2nd issue is the addition of clause on mandatory ‘SR-ship’ for 01 year for to be a medical teacher is unnecessary, as it serves no good/ practical purpose. Similarly the issue of fixing maximum age limit to 40 years for SR-ship is counterproductive and unjust. The mandatory periods as SR, Assistant Professor, Associate professor and Professor must be clubbed together as total teaching experience for any fresh appointment in new post or promotion in line with AIIMS. Promotion of a medical teacher should be considered as his/her basic right.
    MCI has the official version that it does not appoint any teacher in any post. Medical college or state health authority are the appointing authorities. MCI only looks whether a teacher in his assigned post fulfilled MCI criteria. But MCI as regulatory body must decide in which post the teacher is to counted, otherwise it is pure escapism and counterproductive for the nation. All fresh appointments and promotions must be concurred by MCI and such concurrence is final. MCI is duty bound to promote medical education in a fair way.

    3rd issue is Tenure of teaching experience for appointment or promotion, viz. Senior Resident for 01 year; Assistant Professorship for 04 years; Associate Professorship for 03 years etc. Reputed medical teaching institution AIIMS appoints its faculty based on total teaching / research experience. Are the approach inferior? Surely not! BOARD OF GOVERNORS IN SUPERSESSION OF MEDICAL COUNCIL OF INDIA needs to consider this aspect and should take a decision to simplify the complicated computation.
    4th issue is research publication. Making it mandatory and forcing the faculties to publish in specific journals are causing poor quality publications and breeding corruption. Research publication may be given merit point but not mandatory criteria for promotion. BOARD OF GOVERNORS IN SUPERSESSION OF MEDICAL COUNCIL OF INDIA needs to consider this aspect and should take a decision.
    Thousands of qualified doctors could be medical teachers in India. This deserves immediate attention, so that the cherished national mission to develop human resource into medical doctor comes true.
    We believe that you will surely understand the agony, humiliation and uncertainty of medical teaching professionals, difficulty of all new medical colleges – whether private, Governmental, as well as the cry of the nation. We hope you will guide the concerned departments with your strength and vision to act fast to establish a just solution at this critical hours.
    With regards.

    sources
    i) https://education.medicaldialogues.in/891-total-proposals-for-pg-medical-courses-received-by-health-ministry-zero-from-punjab-haryana/
    ii) https://www.mciindia.org/documents/faq/FAQ-TEQ.pdf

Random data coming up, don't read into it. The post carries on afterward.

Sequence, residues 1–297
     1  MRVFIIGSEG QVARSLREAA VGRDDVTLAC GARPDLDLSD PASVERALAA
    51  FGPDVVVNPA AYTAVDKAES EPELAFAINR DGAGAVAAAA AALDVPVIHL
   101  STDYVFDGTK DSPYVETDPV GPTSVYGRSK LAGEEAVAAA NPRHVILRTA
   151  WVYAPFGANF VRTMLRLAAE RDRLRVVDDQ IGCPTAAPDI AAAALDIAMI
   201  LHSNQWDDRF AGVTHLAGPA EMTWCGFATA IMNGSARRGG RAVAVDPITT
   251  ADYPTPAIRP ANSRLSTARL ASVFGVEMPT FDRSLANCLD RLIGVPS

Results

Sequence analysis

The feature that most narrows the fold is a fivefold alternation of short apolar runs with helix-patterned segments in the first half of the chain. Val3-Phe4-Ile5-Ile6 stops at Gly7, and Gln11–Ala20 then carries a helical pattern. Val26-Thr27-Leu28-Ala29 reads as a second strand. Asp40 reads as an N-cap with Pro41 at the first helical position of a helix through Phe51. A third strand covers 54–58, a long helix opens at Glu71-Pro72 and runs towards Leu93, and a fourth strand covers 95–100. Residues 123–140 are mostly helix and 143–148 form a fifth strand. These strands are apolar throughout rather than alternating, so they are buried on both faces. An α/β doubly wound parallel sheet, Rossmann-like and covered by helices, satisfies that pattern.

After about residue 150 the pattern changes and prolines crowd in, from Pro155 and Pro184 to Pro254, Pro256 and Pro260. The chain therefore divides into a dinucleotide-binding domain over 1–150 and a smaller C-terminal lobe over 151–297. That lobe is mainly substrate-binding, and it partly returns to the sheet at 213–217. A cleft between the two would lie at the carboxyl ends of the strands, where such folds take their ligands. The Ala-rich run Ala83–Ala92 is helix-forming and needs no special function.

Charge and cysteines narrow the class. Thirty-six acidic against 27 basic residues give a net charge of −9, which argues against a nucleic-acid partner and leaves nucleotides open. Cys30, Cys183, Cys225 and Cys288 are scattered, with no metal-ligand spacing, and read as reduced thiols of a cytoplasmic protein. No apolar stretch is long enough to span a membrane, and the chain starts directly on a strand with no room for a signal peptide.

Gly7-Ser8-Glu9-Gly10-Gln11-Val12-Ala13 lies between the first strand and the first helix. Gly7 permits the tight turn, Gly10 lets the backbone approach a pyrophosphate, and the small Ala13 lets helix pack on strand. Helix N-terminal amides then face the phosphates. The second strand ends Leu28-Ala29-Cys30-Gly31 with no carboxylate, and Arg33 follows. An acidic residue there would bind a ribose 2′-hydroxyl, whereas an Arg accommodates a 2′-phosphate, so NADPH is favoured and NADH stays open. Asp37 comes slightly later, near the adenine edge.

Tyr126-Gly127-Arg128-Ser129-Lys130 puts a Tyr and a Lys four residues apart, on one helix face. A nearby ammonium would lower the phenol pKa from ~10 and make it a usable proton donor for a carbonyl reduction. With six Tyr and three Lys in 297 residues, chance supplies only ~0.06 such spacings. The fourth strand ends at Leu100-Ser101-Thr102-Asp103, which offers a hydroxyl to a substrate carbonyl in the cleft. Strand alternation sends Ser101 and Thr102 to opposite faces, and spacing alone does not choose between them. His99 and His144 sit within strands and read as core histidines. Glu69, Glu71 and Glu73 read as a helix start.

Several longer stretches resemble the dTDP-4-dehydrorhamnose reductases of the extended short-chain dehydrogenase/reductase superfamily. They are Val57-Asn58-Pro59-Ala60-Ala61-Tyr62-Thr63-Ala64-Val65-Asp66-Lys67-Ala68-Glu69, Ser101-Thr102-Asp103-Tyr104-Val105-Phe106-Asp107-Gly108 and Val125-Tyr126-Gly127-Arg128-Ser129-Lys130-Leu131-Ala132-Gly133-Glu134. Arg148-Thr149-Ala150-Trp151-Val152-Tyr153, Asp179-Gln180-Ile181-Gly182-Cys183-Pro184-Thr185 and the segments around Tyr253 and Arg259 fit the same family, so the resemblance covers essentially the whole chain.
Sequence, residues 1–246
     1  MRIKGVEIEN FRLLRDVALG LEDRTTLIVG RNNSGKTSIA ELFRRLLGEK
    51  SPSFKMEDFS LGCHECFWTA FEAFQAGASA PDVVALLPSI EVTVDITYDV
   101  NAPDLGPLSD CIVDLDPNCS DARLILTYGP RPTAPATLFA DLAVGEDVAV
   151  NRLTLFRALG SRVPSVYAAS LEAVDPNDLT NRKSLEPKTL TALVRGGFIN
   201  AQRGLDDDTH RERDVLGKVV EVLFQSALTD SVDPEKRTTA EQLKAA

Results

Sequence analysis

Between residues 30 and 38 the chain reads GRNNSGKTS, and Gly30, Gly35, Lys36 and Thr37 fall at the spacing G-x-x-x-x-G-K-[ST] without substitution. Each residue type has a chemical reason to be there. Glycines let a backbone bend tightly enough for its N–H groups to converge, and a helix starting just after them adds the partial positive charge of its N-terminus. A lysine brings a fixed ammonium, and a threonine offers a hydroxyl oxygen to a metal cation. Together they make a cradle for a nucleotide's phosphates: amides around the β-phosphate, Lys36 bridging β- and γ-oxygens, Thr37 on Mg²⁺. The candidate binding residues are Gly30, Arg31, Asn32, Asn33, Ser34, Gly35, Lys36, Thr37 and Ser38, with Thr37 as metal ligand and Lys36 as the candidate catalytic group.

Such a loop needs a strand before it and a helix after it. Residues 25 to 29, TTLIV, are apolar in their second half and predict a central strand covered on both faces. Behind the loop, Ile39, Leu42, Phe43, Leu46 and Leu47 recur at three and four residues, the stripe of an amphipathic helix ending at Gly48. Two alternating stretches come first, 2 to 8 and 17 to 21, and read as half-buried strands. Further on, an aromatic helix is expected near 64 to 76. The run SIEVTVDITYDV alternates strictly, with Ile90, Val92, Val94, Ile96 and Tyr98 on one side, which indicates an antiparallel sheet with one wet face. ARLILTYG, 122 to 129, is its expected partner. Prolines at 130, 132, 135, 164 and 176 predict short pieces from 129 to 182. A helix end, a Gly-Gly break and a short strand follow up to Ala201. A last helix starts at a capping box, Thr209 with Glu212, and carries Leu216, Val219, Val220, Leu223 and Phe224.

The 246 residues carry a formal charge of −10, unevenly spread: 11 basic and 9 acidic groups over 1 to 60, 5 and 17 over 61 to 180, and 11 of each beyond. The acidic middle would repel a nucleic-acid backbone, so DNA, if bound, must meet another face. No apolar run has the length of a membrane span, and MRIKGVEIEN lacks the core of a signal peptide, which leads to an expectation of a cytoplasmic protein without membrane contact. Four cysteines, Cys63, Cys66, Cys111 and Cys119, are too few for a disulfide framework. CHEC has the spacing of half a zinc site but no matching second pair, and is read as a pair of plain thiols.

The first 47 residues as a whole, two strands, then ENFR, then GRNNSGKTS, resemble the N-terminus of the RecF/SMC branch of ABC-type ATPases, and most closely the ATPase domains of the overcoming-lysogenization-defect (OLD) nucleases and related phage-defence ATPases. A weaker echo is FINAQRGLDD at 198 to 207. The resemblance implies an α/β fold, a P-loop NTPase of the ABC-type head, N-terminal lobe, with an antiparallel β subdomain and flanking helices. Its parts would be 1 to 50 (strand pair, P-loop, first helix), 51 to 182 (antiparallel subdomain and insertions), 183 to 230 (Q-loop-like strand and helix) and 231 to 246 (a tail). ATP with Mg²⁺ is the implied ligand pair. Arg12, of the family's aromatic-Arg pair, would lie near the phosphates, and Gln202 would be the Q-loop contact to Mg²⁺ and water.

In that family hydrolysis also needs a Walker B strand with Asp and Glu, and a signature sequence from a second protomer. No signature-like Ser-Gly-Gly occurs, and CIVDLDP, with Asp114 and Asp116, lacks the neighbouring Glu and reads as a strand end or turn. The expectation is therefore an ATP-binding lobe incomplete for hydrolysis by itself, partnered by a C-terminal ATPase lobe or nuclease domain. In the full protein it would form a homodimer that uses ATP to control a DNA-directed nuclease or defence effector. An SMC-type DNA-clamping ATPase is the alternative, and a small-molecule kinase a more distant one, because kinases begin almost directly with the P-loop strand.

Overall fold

iii) https://indiankanoon.org/doc/60052075/
    Judgment of Karnataka High Court

    iv) MEDICAL COUNCIL OF INDIA
    Minimum Qualifications for Teachers in
    Medical Institutions Regulations, 1998
    (AMENDED UPTO 8th JUNE, 2017)
    Sector-8, Pocket-14 Dwarka, New Delhi-110077
    Ph: 011-25367033, 25367035, 25367036
    Fax: 011-25367024
    Website: http://www.mciindia.Org.
    E-Mail: mci@bol.net.in & contact@mciindia.org.
    v) THE INDIAN MEDICAL COUNCIL ACT, 1956
    (102 of 1956)
    30th December, 1956
    (As amended by the Indian Medical Council (Amendment) Acts, 1964, 1993 & 2001),Article 10A
    vi) MEDICAL COUNCIL OF INDIA
    ESTABLISHMENT OF MEDICAL COLLEGE REGULATIONS, 1999
    (AMENDED UPTO JULY 2018)
    MEDICAL COUNCIL OF INDIA
    Pocket – 14, Sector 8, Dwarka,
    NEW DELHI – 110 077
    Phone: +91-11-25367033, 25367035, 25367036
    Fax: +91-11-25367024
    E-mail: mci@bol.net.in, contact@mciindia.org
    Website: http://www.mciindia.org

    (PUBLISHED IN PART III, SECTION 4 OF THE GAZETTE OF INDIA)
    DATED 28TH AUGUST 1999
    MEDICAL COUNCIL OF INDIA
    NOTIFICATION
    New Delhi, dated 30th July, 1999

    vii) MEDICAL COUNCIL OF INDIA
    POSTGRADUATE MEDICAL EDUCATION
    REGULATIONS, 2000
    (AMENDED UPTO JULY, 2017)
    MEDICAL COUNCIL OF INDIA
    Pocket – 14, Sector 8, Dwarka,
    NEW DELHI – 110 077
    Phone: +91-11-25367033, 25367035, 25367036
    Fax: +91-11-25367024
    E-mail: mci@bol.net.in, contact@mciindia.org
    Website: http://www.mciindia.org
    (PUBLISHED IN PART III, SECTION 4 OF GAZETTE OF INDIA DATED THE 7TH
    OCTOBER, 2000)
    MEDICAL COUNCIL OF INDIA,NEW DELHI, DATED THE 22ND AUGUST, 2000.

    viii) No. 407] NEW DELHI, THURSDAY, NOVEMBER 1, 2018/KARTIKA 10, 1940
    BOARD OF GOVERNORS IN SUPERSESSION OF MEDICAL COUNCIL OF INDIA
    NOTIFICATION
    New Delhi, the 31st October, 2018
    No. MCI-12(2)/2018-Med.Misc./142810.—In exercise of powers conferred by Section 33 of the Indian
    Medical Council Act, 1956 (102 of 1956), the Medical Council of India with the previous sanction of the Central
    Government hereby makes the following Regulations to further amend the “Minimum Qualifications for Teachers in Medical Institutions Regulations 1998,